Wir posten hier den Aufruf von amnesty zur Unterstützung und umgehenden Freilassung Alexander Sodiqovs! Einen Aufruf von Freunden und Kollegen Alexander Sodiqovs gibt es auf

Tajikistani national Alexander Sodiqov was arrested on 16 June in eastern
Tajikistan while conducting academic research. There are fears for his
safety and concerns that he may face torture or other ill-treatment.
Alexander Sodiqov, who lives in Canada, was detained on 16 June by two State
Committee for National Security officers in Khorogh, capital of eastern
Tajikistan’s Gorno-Badakshan Autonomous Oblast (GBAO). He has not been heard
from since he rang his wife on 16 June at 9.30 pm local time. He did not tell her
where he was being held.
He has not been heard from since. He is not known to have been able to contact a

Alexander Sodiqov is a PhD student at the University of Toronto. He had been
conducting research for a British Economic and Social Research Council project
called Rising Powers and Conflict Management in Central Asia which involves the
Universities of Essex and Newcastle. He was detained while conducting a research
interview with a civil society activist and deputy head of the Social Democratic
Party of GBAO, Alim Sherzamonov.

On 17 June police went into his mother’s home in the capital, Dushanbe, searched it
and removed computer and storage equipment. On 17 June, the State Committee for
National Security (SCNS) issued a statement accusing him of spying for foreign
governments. According to Asia Plus and Radio Free Europe/Radio Liberty, Alexander
Sodiqov appeared on local television in Badakhshan on the evening of 18 June and the
following morning talking about the situation in GBAO. Radio Free Europe’s
reports said that some observers felt the television footage had been edited. On 19
June the head of the SCNS, Saimumin Yatimov, made a statement saying that foreign
spies were operating in Tajikistan under the guise of NGOs and trying to undermine
safety and security in the country.

Alexander Sodiqov has now been held for 72 hours and under Tajikistani law he should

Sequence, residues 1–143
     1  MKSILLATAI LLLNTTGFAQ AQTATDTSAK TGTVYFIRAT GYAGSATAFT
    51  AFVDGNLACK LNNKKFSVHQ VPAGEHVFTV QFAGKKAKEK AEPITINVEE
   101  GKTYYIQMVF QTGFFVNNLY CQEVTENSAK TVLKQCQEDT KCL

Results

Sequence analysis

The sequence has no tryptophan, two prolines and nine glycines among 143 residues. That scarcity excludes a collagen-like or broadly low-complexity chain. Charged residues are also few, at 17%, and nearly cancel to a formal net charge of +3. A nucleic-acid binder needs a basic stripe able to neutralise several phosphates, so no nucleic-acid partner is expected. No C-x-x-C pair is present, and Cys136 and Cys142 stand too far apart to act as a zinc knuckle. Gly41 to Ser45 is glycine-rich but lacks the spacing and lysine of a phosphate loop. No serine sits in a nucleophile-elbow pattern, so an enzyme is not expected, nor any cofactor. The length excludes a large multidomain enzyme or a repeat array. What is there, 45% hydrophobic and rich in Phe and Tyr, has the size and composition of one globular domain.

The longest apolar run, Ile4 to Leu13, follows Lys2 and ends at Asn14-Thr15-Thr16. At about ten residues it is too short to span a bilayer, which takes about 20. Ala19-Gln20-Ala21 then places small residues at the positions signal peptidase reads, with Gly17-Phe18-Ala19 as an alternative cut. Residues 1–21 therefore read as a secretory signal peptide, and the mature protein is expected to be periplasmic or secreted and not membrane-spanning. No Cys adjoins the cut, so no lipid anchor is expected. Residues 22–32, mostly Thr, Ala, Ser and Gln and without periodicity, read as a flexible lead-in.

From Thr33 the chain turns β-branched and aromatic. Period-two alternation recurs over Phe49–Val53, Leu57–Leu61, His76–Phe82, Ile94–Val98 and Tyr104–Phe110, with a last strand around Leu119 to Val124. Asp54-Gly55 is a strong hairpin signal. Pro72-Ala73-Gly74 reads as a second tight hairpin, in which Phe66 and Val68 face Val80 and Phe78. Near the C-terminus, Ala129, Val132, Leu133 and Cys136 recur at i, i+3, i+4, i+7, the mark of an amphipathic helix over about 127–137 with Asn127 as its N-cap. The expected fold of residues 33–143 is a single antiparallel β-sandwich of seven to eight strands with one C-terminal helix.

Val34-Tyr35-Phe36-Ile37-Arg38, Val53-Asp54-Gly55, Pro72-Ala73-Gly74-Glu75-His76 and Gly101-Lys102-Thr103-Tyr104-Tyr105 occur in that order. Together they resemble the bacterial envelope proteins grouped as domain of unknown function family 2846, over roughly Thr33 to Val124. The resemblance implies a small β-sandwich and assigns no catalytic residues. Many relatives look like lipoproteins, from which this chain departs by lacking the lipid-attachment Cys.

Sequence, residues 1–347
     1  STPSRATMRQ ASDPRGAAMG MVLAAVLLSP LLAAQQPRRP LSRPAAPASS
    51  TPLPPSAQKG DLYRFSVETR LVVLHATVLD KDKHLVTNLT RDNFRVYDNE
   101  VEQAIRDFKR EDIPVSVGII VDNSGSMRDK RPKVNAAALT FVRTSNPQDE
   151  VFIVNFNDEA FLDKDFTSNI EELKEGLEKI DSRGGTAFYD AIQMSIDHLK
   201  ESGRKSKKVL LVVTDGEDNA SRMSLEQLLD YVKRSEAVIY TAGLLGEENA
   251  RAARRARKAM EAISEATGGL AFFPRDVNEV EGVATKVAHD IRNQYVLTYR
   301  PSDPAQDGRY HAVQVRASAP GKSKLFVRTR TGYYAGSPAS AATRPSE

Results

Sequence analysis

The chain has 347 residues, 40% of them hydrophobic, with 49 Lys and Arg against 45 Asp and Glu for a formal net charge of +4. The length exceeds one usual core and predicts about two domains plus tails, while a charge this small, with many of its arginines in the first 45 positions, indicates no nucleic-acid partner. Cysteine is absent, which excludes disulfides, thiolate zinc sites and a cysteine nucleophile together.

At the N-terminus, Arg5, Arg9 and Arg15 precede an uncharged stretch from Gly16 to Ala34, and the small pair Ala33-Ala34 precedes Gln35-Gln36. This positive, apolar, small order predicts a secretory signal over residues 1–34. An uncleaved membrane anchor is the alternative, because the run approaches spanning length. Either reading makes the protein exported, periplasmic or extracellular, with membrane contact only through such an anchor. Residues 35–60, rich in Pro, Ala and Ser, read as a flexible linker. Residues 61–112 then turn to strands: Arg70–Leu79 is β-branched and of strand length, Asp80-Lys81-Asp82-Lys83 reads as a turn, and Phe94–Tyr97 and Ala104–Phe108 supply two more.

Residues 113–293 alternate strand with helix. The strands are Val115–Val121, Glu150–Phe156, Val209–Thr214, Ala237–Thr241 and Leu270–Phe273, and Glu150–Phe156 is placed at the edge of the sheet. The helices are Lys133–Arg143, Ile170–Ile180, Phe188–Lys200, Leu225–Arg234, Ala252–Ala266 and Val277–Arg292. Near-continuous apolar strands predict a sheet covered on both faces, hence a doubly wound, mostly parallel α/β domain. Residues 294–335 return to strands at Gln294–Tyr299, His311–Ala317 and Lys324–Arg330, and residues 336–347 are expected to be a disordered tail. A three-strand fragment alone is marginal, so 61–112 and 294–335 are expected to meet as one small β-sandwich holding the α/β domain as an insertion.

be charged or released.

Please write immediately in Tajik, Russian, English or your own language:
Urging the authorities to reveal Alexander Sodiqov’s whereabouts
immediately, as 72 hours has passed since he was detained and he must be either
charged or released immediately;
Urging them to ensure that he has unrestricted and confidential access to a
lawyer of his choice in line with Tajikistan’s national law and international
Calling on them to ensure that he has immediate access to any medical attention
he may require.

Bilder von der Beerdigung Massuds

Grablegung Massuds

Grablegung Ahmad Shah Massuds

Nur noch sieben Tage sind auf arte+7 die beeindruckenden Bilder zu sehen, die im Spätsommer 2001 auf der Beerdigung Ahmad Shah Massuds in seinem Heimatdorf von seinem Chefkameramann und seinem Team aufgenommen wurden. Für die arte-Reihe “Verschollene Filmschätze” wurden 26 Minuten davon zusammengeschnitten und kommentiert. Continue Reading →

Langer Marsch für Gerechtigkeit


Karte Belutschistans gepostet von der Konferenz Belutschistan: vergessenes Volk, leidendes Volk s.u.

Mohammad Hanif ist neben Mohsin Hamid der wohl interessanteste zeitgenössische auf Englisch publizierende Autor aus Pakistan. Neben seiner Schriftstellertätigkeit setzt sich Mohammad Hanif auch für politische Themen ein. Auf dem blog „naked punch“ bezog er in einem Interview Stellung zu der in Pakistan und international totgeschwiegenen Protestbewegung der Belutschen. Continue Reading →